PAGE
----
“When people think of Dallas, they still think of J.R. Ewing’s ranch,” says Lake Highlands resident Fritzi Woods.

It’s a misperception that Woods, as the Dallas Convention and Visitors Bureau’s newest chairperson, would like to see go away.

Woods was elected chairman (a volunteer position) by the CVB board, which she has been a member of for three years, and was approved by Mayor Laura Miller last October. It’s not her first foray into the world of conventions and tourism. She served as the chief financial officer for Houston’s CVB in 1987.

“That’s where I first developed a passion for the [convention and tourism] industry and its impact on cities,” Woods says. “It was one of my favorite jobs in my career. That was where I first got my passion for selling.”

She came to Dallas in 1997 after being recruited by Belo, and then transferred to the Dallas Morning News where she served as CFO and vice president of finance.

For the last three years, however, she has owned restaurant-equipment company PrimeSource FoodService Equipment, Inc.

“I had been on the management and executive track for several years and was ready for the next stage – I wanted to own my own company,” she says. “The opportunity presented itself to me so I just took a chance.”

Given her resume, it’s not difficult to see why she was chosen as the CVB’s new leader.

Woods is, in short, a woman with a plan. Perhaps not surprisingly, part of that plan involves one half of Dallas’ tagline – “Live Large, Think Big” – a tagline Woods helped come up with.

“We have to be able to really think big,” she says of the city’s future in the convention and tourism industry.

She hopes that, if the CVB team is successful, the Dallas Convention Center will be considered among the nation’s top five by 2010. She has set her sights high – hoping to compete with cities such as San Antonio and even Las Vegas for tourism and convention dollars. Her goal, of course, is for Dallas to be considered a hot destination for business and pleasure.

What people don’t know,” she says, “is that we have a Nasher. They don’t know we have a Women’s Museum, an African-American Museum, this great Hispanic Cultural Center. We have to do an absolute better job of highlighting our arts. And we have to do a better job of doing that with marketing dollars.”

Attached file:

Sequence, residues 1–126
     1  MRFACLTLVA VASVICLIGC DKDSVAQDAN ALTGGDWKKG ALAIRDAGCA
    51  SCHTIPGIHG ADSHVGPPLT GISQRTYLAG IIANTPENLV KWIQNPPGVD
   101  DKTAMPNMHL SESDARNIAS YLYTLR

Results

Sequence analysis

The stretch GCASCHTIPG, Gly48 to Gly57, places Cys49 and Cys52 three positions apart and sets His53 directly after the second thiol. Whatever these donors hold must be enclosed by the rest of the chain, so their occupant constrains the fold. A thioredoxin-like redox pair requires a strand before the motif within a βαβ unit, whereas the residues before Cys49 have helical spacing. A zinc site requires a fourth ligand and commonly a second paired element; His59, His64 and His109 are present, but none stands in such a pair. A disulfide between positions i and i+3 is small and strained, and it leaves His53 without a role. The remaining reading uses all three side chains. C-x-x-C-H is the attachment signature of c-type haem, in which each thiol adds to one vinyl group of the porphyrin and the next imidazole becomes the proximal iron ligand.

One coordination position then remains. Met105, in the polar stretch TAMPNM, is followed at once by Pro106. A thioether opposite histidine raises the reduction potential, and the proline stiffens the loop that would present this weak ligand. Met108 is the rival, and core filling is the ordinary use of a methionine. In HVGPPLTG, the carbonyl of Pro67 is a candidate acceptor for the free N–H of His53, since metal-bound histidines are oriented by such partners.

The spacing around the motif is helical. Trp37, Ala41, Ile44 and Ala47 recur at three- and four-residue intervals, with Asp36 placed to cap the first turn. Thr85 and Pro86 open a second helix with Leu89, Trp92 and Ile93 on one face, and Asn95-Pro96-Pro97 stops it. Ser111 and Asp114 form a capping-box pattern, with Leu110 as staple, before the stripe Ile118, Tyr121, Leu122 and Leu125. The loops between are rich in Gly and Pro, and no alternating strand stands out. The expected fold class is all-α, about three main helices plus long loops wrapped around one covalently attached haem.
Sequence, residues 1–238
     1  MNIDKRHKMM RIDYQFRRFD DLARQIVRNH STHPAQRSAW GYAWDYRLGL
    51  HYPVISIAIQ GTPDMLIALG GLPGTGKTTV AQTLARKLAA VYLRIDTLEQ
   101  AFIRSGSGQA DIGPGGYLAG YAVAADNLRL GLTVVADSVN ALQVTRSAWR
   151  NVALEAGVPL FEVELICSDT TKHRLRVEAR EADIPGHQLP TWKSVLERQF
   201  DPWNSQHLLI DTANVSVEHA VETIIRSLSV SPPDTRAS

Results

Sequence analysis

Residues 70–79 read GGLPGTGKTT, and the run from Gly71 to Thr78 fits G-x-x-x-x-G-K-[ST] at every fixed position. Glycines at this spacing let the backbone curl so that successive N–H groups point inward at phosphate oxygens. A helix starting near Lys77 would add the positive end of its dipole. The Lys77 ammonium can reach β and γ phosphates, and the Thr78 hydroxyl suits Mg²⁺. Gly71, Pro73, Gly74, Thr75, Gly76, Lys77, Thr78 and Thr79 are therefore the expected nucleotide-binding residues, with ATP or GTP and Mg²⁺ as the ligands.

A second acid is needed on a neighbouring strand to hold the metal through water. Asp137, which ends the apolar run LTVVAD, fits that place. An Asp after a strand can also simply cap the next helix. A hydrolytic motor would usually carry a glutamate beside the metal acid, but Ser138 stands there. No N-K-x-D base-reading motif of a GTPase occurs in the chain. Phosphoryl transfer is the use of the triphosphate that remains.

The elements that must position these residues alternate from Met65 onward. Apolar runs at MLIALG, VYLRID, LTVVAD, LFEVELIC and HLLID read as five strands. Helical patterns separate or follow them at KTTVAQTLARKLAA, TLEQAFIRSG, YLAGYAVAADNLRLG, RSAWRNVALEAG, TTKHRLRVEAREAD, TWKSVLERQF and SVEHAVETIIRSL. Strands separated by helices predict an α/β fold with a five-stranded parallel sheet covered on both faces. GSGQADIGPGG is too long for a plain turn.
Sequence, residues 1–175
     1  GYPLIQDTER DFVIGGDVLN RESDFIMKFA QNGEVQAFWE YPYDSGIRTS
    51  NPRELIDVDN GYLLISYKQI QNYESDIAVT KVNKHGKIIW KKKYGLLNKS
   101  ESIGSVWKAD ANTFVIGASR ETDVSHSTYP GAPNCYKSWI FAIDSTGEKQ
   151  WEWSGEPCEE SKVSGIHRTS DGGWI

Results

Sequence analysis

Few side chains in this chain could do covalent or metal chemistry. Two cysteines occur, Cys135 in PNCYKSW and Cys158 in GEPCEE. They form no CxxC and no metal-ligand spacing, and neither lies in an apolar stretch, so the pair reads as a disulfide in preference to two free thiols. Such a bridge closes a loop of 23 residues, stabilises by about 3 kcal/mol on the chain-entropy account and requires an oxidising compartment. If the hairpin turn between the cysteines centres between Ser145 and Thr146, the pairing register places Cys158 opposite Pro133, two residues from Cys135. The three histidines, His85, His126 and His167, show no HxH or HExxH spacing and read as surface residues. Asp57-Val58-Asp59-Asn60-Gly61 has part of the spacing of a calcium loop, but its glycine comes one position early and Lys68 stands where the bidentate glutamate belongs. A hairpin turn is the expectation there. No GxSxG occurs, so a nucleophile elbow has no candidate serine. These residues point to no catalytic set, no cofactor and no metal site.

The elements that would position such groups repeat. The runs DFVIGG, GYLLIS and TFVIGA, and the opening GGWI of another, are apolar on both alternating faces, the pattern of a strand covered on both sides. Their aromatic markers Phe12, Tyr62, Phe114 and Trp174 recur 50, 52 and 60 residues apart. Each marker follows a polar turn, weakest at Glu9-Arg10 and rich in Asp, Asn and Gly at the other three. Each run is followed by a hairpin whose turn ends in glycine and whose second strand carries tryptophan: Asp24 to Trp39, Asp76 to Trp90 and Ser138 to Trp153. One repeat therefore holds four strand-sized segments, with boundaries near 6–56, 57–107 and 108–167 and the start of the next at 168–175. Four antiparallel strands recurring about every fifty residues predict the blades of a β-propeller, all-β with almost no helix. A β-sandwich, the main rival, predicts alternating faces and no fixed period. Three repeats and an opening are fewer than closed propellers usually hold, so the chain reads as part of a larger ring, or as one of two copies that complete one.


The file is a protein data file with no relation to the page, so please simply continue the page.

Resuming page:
Where do those marketing dollars come from? Woods says they don’t exist right now. But she thinks she knows how to come up with them.

“One of my goals is to move forward on this initiative of marketing Dallas as a region instead of a city,” she says.

It’s not that she wants to detract attention from downtown or encourage people to visit Fort Worth or Frisco over Dallas. It’s just that she figures “each individual part [of the region] has its strength, but we’re all stronger when we market ourselves together.”

“We don’t have enough money not to do that,” Woods says. “In Dallas, we have five counties, and I don’t get hotel taxes from the other counties. So we have to be more creative in how we’re going to market Dallas, and the only way to do that is partner in a different way with the people who are getting those dollars.”

That said, Woods has a real passion for Dallas proper, and particularly for Lake Highlands.

“I love the people, and it really is a neighborhood,” she says. “When we moved here back in 1997, people literally brought us cookies. They brought us pizza when we were moving in. They invited us over to dinner, told us where things were. They were just so friendly.”

As for her CVB gig, she knows her work is cut out for her. But it’s a challenge she’s well prepared for and, if her past professional life is any indication, she should be successful.

“I’ve been a very blessed person – God has really blessed me,” she says.

Divine intervention is one thing – but Woods also knows that life is what you make it.

“I tell my children life is about choices. You make choices and then your choices will make you.”